Firstly I would like to welcome Birdie into our clan!!
Birdie is our new puppy. She is a 9 week old Lurcher. Birdie came from a line of Lurcher that I have seen in my training classes over the years. And I’ve been very impressed with their character, demeanour and high trainability.
So, back in the winter months we took the plunge and put ourselves on a waiting list, hopeful to be able to own one of these Lurchers at some stage in the not too distant future.
And to our delight our new pup now resides with us. Of course back in those winter months, no one would have ever predicted that our world would be thrown into this surreal situation of a global pandemic !!
As a behaviourist I spend a vast proportion of my day chatting to dog owners on the phone about training, problematic behaviour etc and noticed that I was receiving quite a few phone calls from potential new puppy/ dog owners saying they were postponing their new puppy, or puppy search, due to this current Covid19 situation and felt they wouldn’t be able to address their puppies needs while their pup was in its critical/ socialisation life stage. ( 3-17 weeks )
So, this is the situation I find myself in now. New 9 weeks old puppy, half way through its critical / socialisation period and what can I do ?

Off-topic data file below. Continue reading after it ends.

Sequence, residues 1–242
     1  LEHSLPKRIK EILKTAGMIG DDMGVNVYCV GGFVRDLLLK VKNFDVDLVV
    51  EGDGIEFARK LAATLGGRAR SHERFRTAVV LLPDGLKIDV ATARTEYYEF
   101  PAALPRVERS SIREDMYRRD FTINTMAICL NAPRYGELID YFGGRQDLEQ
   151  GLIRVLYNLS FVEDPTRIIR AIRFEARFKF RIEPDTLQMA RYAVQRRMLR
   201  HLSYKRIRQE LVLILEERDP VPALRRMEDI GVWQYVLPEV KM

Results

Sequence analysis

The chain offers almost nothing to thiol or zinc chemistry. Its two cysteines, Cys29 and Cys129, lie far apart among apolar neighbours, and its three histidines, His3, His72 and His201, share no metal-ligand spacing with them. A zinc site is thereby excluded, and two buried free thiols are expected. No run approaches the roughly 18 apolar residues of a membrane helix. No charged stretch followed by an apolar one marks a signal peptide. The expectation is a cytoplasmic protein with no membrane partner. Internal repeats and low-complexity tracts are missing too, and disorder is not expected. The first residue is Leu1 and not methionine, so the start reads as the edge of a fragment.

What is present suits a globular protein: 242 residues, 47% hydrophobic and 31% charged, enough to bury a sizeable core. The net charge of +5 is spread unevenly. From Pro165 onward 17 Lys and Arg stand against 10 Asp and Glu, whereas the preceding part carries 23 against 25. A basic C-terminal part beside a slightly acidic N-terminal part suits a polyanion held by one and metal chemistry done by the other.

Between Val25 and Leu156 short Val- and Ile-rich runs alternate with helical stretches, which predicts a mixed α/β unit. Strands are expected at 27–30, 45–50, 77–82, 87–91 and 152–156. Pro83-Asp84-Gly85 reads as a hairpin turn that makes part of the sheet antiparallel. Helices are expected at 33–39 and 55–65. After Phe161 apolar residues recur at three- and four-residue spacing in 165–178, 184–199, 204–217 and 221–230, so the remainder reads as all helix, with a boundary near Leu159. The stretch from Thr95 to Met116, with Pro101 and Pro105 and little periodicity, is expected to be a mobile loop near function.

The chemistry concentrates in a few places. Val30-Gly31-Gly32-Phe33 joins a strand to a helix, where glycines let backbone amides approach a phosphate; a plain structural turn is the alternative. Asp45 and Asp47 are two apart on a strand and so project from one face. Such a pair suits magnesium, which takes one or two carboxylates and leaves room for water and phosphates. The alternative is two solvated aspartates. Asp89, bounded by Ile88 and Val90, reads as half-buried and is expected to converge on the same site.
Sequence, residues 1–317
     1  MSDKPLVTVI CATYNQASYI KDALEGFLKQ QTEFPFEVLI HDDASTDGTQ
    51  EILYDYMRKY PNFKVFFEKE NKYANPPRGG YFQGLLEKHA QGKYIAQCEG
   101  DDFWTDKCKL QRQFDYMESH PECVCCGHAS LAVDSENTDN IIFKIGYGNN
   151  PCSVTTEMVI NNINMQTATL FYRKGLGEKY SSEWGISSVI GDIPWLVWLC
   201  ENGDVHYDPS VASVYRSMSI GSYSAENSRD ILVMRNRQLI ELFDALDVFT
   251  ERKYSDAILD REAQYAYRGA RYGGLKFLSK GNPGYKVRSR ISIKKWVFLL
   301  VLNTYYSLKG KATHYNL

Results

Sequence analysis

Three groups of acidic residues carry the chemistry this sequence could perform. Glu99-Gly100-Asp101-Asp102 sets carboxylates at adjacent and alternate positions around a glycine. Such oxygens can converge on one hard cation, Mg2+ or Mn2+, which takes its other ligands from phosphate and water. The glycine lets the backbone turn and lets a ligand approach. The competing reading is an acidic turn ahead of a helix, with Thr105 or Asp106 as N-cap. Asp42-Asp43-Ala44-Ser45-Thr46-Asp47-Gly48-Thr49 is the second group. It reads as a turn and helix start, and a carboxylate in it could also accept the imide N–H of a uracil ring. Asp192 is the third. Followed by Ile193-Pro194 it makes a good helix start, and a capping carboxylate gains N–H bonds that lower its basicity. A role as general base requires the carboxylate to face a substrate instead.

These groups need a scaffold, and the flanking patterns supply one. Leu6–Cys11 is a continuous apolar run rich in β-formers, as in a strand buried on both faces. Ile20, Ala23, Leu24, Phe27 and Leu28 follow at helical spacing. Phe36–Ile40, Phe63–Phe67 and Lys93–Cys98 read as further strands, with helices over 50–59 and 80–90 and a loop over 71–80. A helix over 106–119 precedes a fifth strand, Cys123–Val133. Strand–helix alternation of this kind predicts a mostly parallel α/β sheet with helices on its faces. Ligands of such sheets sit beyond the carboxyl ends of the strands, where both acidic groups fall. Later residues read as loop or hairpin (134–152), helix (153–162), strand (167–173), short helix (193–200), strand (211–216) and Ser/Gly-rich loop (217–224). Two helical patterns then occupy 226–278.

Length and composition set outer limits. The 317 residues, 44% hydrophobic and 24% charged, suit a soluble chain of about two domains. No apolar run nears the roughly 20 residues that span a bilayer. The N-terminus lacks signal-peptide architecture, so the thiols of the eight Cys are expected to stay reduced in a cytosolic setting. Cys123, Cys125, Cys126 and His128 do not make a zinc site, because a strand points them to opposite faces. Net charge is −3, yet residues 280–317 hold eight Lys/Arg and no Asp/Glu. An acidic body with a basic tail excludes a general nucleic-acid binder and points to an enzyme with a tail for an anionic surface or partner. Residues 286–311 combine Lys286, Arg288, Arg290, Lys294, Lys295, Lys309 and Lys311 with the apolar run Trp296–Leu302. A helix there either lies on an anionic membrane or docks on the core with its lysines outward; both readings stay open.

This critical / socialisation period for a puppy is not all about introducing your pup to as many different dogs as possible. It’s also about introducing your puppy to as many different sights and sounds and experiences as possible. Although our new pup cannot run free on a walk yet, due to insufficient vaccinations. My husband and I carry our puppy on our daily allocated walk. Our pup gets exposed to many sights and sounds on this walk…..tractors,cows, sheep, quad bikes with farm dogs running along side ..
All very ‘ scary stuff’ to a new puppy .
Our puppy has gone from trembling in our arms, to being very intrigued to what she’s being exposed to.
We also have the ‘car journey’….although this is only happening once a week at the moment due to travel restrictions, our pup is coming on the supermarket trip.
While one of us is dutifully shopping, the other is minding the pup in the car. Dogs that don’t travel well in cars later on in life, are only dogs that weren’t de-sensitised to cars and travel enough as a puppy.
And finally we have ‘ eaving your puppy on its own’. A very important ‘window’ to be addressed. Separation Anxiety problems are a very common angst with dog owners.
And the problem nearly always comes back to the same answer… the puppy wasn’t trained to be left on its own for a short time when it was young. With this being the case we make sure we leave our pup for a short time everyday.
Even though we would prefer to take her out with us while we are gardening or sat in the patio reading a magazine. It’s very important they are not with you all the time.
Are there enough things to be doing with your new puppy in this present global situation? Answer……yes plenty!!